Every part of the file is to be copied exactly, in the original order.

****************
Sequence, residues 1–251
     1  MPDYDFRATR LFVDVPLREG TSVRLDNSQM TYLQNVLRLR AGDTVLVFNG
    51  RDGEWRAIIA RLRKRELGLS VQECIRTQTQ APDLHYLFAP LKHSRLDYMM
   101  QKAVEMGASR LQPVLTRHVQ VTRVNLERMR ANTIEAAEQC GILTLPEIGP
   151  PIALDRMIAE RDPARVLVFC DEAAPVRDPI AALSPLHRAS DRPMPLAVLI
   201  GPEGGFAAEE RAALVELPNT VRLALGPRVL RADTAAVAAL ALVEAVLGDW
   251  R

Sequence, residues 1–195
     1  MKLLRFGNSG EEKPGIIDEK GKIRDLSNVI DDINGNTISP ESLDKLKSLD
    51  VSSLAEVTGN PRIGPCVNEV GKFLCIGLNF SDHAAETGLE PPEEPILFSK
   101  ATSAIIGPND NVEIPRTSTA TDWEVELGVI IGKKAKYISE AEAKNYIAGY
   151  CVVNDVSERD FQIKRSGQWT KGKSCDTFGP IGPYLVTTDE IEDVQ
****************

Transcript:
Sequence, residues 1–251
     1  MPDYDFRATR LFVDVPLREG TSVRLDNSQM TYLQNVLRLR AGDTVLVFNG
    51  RDGEWRAIIA RLRKRELGLS VQECIRTQTQ APDLHYLFAP LKHSRLDYMM
   101  QKAVEMGASR LQPVLTRHVQ VTRVNLERMR ANTIEAAEQC GILTLPEIGP
   151  PIALDRMIAE RDPARVLVFC DEAAPVRDPI AALSPLHRAS DRPMPLAVLI
   201  GPEGGFAAEE RAALVELPNT VRLALGPRVL RADTAAVAAL ALVEAVLGDW
   251  R

Sequence, residues 1–195
     1  MKLLRFGNSG EEKPGIIDEK GKIRDLSNVI DDINGNTISP ESLDKLKSLD
    51  VSSLAEVTGN PRIGPCVNEV GKFLCIGLNF SDHAAETGLE PPEEPILFSK
   101  ATSAIIGPND NVEIPRTSTA TDWEVELGVI IGKKAKYISE AEAKNYIAGY
   151  CVVNDVSERD FQIKRSGQWT KGKSCDTFGP IGPYLVTTDE IEDVQ